Author Archives: betsy1
Shift workers have less serotonin that day-time workers so their sleep, appetite, mood, body temperature are impacted. Continue reading
Participation in shift work has been associated with increased body mass index, prevalence of obesity and other health problems. Continue reading
According to a report by U.S. PIRG, health care spending rose 56 percent from 2000 to 2006, versus an inflation rate of just 18 percent and wage increases of 20 percent. This forced employers to choose between reducing benefits, limiting pay increases, and hiring fewer employees. Furthermore, shift workers represent 10 percent of the working population but they account for 17 percent of the health care costs. Zeroing in on this group of workers will provide an employer more bang for their health care buck.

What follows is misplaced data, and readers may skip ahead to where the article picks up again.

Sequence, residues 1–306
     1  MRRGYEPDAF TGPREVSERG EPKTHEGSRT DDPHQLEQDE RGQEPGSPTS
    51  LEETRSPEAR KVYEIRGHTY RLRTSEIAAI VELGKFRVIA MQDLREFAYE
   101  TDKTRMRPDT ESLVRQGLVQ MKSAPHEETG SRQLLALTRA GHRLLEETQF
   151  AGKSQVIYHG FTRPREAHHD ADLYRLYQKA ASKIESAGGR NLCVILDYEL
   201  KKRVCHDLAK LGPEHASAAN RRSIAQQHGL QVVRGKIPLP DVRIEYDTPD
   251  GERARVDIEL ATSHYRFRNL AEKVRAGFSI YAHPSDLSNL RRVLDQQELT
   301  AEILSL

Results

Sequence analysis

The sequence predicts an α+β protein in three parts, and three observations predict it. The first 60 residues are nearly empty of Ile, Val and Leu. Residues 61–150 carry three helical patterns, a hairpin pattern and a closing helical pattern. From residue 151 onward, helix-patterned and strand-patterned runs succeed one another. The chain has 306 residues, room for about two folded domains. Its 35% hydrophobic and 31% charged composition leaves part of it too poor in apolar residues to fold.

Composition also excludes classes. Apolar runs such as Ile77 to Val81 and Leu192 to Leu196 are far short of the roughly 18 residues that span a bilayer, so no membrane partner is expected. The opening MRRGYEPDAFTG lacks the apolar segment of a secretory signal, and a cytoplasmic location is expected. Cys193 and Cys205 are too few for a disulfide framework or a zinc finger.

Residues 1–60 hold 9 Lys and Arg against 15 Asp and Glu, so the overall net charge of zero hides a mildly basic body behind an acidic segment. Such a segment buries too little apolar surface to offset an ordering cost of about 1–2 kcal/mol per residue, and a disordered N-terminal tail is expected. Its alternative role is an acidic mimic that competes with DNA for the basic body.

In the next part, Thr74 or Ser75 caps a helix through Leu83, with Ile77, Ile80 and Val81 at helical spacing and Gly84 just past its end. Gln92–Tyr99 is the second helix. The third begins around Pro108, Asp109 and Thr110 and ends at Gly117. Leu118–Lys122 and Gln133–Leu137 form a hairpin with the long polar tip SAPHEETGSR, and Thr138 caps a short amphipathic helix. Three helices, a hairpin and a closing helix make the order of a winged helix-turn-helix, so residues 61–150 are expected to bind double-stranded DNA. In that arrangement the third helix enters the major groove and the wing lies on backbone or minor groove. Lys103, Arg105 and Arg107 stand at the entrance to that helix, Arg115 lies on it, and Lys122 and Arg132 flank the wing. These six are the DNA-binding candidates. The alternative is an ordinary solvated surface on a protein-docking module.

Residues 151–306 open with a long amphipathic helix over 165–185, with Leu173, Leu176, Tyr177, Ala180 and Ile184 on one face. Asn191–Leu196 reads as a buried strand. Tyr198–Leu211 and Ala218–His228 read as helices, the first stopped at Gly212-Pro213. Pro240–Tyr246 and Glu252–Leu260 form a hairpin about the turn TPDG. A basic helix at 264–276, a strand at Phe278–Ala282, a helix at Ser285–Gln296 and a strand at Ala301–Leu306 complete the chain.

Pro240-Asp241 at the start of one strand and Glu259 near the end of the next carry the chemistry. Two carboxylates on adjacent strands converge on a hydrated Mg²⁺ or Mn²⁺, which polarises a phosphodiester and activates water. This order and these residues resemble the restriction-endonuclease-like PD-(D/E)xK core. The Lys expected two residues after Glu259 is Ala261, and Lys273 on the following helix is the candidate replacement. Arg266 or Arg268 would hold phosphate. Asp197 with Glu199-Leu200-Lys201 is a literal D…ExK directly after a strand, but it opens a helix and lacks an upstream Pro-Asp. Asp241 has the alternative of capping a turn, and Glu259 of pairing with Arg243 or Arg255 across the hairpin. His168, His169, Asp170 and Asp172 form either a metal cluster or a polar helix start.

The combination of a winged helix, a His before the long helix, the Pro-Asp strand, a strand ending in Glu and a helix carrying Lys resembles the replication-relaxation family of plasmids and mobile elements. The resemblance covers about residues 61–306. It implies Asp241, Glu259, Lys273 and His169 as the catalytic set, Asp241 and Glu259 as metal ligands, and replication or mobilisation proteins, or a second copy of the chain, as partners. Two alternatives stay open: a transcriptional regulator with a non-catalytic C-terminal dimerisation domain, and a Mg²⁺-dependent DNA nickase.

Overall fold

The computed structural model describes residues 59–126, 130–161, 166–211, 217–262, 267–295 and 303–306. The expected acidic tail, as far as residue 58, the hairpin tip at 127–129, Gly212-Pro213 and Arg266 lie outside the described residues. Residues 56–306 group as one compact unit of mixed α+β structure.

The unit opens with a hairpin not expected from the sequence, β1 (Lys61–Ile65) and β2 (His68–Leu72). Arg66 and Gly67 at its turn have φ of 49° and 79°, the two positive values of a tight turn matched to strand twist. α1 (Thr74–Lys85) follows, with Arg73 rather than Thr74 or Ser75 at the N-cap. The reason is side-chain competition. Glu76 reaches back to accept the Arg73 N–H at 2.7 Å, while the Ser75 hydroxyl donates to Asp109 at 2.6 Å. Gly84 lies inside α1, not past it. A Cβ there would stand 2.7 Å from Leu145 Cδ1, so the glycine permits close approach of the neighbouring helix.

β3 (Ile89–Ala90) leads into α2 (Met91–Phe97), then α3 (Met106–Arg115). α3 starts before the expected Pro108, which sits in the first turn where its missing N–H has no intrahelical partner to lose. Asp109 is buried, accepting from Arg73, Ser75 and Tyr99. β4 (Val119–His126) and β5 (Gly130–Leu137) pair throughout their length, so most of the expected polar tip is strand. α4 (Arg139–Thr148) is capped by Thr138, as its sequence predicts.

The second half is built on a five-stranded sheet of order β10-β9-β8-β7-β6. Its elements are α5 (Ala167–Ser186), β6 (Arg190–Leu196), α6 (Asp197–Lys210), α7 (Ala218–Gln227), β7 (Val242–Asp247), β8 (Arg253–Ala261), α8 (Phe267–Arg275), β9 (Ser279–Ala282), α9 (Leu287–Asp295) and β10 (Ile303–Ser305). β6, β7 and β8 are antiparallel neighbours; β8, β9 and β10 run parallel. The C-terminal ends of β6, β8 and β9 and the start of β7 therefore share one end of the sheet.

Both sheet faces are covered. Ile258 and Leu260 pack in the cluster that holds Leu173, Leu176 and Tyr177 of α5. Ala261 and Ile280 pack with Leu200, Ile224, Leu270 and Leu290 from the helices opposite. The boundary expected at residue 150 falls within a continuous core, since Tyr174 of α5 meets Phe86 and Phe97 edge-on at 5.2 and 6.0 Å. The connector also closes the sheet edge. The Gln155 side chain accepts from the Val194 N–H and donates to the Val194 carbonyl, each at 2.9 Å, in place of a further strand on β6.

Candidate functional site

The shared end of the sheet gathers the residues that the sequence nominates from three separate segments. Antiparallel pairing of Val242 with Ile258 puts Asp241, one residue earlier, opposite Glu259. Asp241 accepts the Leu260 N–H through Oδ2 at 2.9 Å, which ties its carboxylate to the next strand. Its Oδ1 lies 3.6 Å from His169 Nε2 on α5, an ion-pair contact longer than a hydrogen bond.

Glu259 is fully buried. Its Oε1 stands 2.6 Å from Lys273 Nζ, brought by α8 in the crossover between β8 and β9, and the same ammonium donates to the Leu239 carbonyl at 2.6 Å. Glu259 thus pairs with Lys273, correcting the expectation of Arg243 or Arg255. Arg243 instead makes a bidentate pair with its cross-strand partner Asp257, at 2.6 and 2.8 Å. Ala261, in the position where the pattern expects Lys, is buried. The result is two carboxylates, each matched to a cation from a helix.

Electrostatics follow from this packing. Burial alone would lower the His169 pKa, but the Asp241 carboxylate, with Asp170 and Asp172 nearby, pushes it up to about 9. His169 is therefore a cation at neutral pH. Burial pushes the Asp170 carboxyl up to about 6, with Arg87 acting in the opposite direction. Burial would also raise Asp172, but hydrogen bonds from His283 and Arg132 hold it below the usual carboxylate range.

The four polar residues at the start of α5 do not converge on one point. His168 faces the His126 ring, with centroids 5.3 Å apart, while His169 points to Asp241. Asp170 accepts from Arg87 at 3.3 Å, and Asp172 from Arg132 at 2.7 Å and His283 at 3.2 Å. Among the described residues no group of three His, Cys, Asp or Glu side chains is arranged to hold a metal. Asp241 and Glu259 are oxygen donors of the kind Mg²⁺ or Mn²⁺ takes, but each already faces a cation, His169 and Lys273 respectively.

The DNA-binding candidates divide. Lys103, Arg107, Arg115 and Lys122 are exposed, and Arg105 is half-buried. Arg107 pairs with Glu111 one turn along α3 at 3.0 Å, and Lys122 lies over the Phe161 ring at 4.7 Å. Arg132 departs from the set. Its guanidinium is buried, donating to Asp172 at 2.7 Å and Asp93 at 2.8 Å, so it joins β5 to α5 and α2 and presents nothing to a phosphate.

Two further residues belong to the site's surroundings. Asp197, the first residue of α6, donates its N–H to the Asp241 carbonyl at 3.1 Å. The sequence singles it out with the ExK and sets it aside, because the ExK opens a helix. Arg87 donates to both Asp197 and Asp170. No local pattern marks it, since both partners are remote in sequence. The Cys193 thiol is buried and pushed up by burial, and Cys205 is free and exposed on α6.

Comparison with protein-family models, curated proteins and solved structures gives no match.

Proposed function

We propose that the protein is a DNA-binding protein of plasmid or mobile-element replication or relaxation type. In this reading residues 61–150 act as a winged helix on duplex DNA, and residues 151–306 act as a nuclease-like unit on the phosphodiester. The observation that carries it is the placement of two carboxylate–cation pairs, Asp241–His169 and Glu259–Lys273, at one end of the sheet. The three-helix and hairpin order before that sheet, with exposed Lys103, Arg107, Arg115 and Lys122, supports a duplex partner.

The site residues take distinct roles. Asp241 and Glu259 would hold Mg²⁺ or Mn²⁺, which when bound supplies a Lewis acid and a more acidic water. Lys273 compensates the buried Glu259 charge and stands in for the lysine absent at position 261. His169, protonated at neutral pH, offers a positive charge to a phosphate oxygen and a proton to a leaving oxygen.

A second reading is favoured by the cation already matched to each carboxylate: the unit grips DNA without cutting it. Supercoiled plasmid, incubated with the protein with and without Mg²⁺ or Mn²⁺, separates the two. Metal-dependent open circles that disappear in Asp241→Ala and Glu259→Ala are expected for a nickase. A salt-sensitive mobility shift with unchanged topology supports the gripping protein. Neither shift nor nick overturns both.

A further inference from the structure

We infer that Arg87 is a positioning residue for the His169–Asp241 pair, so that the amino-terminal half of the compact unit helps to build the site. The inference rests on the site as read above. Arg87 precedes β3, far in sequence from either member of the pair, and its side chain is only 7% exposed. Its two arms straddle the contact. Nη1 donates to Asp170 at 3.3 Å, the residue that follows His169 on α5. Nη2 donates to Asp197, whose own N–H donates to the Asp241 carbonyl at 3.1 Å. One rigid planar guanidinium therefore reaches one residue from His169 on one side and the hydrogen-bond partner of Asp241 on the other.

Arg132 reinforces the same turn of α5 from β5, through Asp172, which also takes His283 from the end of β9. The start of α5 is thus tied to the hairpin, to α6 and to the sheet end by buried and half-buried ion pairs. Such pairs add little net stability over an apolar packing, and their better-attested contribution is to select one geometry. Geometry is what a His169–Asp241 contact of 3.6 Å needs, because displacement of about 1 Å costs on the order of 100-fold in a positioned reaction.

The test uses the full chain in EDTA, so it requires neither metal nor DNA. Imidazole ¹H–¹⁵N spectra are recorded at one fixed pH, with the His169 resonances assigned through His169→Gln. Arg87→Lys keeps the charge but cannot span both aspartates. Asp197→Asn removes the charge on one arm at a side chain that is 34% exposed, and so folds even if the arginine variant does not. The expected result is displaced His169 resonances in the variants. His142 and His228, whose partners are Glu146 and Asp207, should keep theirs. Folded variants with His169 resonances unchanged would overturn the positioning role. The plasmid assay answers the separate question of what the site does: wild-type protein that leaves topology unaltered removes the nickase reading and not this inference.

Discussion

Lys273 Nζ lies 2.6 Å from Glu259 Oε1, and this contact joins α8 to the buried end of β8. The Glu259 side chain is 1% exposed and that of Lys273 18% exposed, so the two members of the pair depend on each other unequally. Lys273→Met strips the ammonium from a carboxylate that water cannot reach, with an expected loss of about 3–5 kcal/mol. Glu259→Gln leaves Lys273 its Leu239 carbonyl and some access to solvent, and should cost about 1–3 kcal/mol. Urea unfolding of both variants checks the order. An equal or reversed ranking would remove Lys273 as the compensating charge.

With over 55 million Americans working nonstandard work schedules, up to 150 million people are directly impacted by shift work schedules, based on US census statistics of household size. But many more people are actually impacted by shift work because, while household size has been shrinking, extended families (e.g. extended relatives, neighbors and friends, co-workers) are becoming more important. Shift work can cause difficulty creating and maintaining relationships, and often it’s hard for others to realize special challenges shift workers face. Continue reading